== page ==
By Dan Gavshon-Brady
How our ‘helpful’ technology is getting in the way.
Getting the tube every morning is a monotonous experience, so any small change to the routine is discernible. An increase of signs (as above) posted near ticket barriers, warning against ‘Card Clash’, has caught the eye recently.
Card Clash occurs when commuters tap in using their Oyster card but also have a contactless credit card in the same wallet or sleeve. It can result in punters paying extra, confusing the machines and causing queues to build up, especially in rush hour, when time means money and the platforms are crowded. It is not a new issue, but for TFL it is an increasing concern with the rising prevalence of contactless cards.
This prompts several questions about our reliance on helpful technology.
Technology, conventional wisdom presumes, makes our lives easier and run more smoothly. TFL’s Oyster card system is a great example of excellent service design which does this (even if the technology’s hastening of ticket office closure has been met with industrial action). Contactless card payments and transport apps, whether CityMapper or Hailo, do the same.
We carry more and more of this technology on our bodies at all times. Oyster cards, smartphones (connected to sensor-enabled thermostats like Hive and Nest), FitBit and FuelBand, contactless credit cards and building or key fobs. We carry so much that it can become a physical and financial hindrance, as with Card Clash. People can be put out of pocket from this, but there is a larger issue at play here.
Many of these services which we now keep so close to ourselves in fact come under the domain of fundamental, infrastructural utilities and sectors. These are absolutely necessary to the fabric of a society. For FitBit or FuelBand, read Health, for Oyster read Transport, for Nest read Energy and so on. Much of this is held together by smartphones, for which we would traditionally have read Telecommunications, even if all-pervasive software has disrupted how we conceive of communication.
It is debatable whether this is a positive social phenomenon, with our tacit acceptance of the transferal of responsibility to individuals from institutions on issues like health, energy savings, and public transport. Is it helpful to have your thermostat in your hands at all times? Or, as suggested recently on this blog, is mobile ‘on point’ better than ‘always on’? The technical ingenuity of a remotely-controlled washing machine is not in doubt; rather, could we not be spending our time doing something that has a bit more meaning?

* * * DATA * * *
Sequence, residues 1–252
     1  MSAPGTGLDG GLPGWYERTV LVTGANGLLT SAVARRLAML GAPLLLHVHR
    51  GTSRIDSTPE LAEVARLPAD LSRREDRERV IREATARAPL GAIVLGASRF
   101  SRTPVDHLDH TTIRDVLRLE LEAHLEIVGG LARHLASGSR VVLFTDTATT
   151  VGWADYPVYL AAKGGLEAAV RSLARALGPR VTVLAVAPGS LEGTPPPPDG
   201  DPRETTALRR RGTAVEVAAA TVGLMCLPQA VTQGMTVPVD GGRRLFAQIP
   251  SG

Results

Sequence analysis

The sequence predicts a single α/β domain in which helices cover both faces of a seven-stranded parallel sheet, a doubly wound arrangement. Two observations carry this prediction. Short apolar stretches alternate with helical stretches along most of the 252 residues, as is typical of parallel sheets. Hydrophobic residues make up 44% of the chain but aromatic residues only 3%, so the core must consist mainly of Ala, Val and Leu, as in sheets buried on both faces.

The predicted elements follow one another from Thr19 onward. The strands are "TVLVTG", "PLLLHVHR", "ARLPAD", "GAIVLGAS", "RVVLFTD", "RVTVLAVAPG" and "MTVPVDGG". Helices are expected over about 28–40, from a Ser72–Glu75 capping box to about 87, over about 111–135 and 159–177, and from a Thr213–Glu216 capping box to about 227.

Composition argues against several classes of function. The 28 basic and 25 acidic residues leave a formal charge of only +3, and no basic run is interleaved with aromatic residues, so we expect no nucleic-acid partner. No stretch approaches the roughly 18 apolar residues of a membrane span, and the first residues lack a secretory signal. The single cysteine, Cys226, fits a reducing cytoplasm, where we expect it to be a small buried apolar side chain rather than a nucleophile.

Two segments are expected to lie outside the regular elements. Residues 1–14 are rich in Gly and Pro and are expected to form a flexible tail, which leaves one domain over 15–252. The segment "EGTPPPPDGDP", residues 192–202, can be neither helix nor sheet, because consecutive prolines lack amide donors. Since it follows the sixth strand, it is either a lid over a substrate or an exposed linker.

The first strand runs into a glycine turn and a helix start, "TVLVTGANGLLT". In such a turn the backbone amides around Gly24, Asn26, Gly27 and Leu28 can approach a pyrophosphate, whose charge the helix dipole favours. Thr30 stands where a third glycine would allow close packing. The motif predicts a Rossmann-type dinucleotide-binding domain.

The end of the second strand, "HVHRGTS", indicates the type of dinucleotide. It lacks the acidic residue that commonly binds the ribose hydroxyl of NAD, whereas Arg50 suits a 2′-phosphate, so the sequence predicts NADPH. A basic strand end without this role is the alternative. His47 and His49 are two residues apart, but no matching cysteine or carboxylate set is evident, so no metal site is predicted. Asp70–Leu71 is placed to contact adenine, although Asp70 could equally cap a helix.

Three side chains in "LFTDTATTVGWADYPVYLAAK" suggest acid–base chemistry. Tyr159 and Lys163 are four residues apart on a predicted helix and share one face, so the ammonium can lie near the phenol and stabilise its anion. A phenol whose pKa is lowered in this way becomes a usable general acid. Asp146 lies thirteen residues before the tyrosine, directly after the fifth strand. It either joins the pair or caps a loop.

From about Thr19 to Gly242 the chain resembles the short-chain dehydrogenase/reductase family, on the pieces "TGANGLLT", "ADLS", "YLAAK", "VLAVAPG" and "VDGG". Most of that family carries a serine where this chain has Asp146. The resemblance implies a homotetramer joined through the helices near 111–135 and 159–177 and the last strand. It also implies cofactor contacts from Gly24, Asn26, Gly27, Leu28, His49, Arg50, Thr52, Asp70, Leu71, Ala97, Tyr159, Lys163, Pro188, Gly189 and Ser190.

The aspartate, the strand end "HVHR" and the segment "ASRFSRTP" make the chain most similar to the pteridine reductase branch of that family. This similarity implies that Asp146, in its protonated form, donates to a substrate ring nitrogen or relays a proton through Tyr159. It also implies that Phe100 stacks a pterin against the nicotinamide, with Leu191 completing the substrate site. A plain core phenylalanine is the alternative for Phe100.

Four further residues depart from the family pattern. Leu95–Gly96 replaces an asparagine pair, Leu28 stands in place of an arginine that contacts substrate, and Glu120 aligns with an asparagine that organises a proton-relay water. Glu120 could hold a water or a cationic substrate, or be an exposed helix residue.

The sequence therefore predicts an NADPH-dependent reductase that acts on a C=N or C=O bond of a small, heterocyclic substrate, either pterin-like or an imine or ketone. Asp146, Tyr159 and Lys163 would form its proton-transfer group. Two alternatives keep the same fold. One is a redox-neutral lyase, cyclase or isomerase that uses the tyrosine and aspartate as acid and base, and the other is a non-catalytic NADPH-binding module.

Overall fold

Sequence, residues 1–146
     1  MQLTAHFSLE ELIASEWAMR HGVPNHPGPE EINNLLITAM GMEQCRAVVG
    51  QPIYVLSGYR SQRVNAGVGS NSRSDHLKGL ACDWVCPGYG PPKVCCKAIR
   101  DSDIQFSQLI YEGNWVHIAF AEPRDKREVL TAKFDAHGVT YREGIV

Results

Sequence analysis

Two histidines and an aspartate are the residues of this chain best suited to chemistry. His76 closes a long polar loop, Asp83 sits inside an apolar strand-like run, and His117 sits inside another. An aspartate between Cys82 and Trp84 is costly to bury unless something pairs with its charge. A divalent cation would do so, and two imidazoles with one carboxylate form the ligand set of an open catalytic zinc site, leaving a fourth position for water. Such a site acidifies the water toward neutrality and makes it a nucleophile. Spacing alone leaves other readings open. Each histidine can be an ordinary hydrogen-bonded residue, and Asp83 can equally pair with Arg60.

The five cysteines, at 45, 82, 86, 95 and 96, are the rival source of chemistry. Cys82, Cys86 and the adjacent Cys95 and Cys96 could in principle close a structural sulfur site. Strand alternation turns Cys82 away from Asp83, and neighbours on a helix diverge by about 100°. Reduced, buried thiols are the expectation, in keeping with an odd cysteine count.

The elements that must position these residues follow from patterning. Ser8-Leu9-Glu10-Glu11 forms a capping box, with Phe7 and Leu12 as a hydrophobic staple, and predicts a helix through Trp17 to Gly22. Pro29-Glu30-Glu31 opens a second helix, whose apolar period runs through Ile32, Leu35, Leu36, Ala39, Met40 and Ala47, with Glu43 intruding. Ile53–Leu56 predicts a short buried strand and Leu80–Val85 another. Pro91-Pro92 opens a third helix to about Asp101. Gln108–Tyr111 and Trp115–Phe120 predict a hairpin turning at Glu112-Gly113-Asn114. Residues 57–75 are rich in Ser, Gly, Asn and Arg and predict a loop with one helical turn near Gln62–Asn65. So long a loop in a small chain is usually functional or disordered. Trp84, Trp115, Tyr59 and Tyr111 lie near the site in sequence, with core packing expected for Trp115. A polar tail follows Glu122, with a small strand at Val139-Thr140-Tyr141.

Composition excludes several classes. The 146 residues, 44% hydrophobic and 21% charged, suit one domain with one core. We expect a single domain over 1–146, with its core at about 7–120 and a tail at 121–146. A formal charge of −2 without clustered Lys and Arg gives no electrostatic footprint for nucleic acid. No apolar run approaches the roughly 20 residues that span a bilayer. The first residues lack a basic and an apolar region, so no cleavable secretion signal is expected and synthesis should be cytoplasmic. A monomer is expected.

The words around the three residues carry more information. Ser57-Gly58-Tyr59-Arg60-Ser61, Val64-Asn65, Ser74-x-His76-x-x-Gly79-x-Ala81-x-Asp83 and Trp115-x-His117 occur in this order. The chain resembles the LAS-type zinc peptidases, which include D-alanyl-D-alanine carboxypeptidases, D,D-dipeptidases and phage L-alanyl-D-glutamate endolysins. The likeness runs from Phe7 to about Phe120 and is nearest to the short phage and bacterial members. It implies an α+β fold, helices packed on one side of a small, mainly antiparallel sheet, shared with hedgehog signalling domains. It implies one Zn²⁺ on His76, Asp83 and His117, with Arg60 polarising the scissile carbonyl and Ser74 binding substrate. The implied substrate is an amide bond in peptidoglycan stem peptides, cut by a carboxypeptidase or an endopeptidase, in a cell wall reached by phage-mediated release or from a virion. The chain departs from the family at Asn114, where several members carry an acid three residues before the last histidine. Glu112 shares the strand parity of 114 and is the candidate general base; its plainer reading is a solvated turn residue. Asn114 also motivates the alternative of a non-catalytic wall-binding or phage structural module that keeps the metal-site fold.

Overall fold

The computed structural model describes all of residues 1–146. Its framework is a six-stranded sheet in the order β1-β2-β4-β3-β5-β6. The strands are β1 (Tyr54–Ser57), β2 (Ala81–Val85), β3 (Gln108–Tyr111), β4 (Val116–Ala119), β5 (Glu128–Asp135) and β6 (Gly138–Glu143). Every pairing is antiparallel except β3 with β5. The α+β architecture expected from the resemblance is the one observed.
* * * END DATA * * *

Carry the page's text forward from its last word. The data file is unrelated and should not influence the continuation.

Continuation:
However, that people seem so willing “to take control”, as the rhetoric goes, of these aspects of their lives reflects a loss of faith in our institutions. This surely presents an opportunity for brands in these fundamental areas of people’s lives to do something uniquely positive and helpful, not exploitative and cynical.
We should shoulder some responsibility for allowing ourselves to be duped into taking on the work of companies and institutions under the glistening veneer of technological progress. Rising fares, bills and unconnected, frustrating customer service whenever anything goes wrong do not suggest at progress or empowerment.
This is not an either-or argument, but a spectrum. It is not outlandish to suggest that we should bear some responsibility for how healthy our lifestyles are (although this recent, quite scary European Commission video seems to stretch the credibility of “taking control”), but in areas where infrastructural systems and contracts keep customer influence limited, is it fair that the customer assumes more and more responsibility? And especially if they do not know it?
Health, communication, transport and energy are vital to people’s lives. Brands who take responsibility and pride in this over anything else stand to build something quite remarkable for themselves and for the people who rely on them. Three starting points could be:
1) True customer-centricity (e.g. flexible billing structures which adapt according to usage)
2) Implementing effective two-way services which allows for inevitable errors in the system and doesn’t leave customers stranded twice
3) A focus, where relevant, on the real and collective benefits which technology can bring on a structural level, not the clandestine transferal of accountability to the individual customer
There are many great initiatives and features companies have created which harness the benefits that emerging technology can bring. Some may even bring happiness to millions of people. However, whilst they remain predicated on shifting the work to the customer, the concern of people living in a utility-seeking, always-on and individualistic environment persists.
Dan Gavshon Brady is a strategist at Wolff Olins London, you can follow him @DanGB88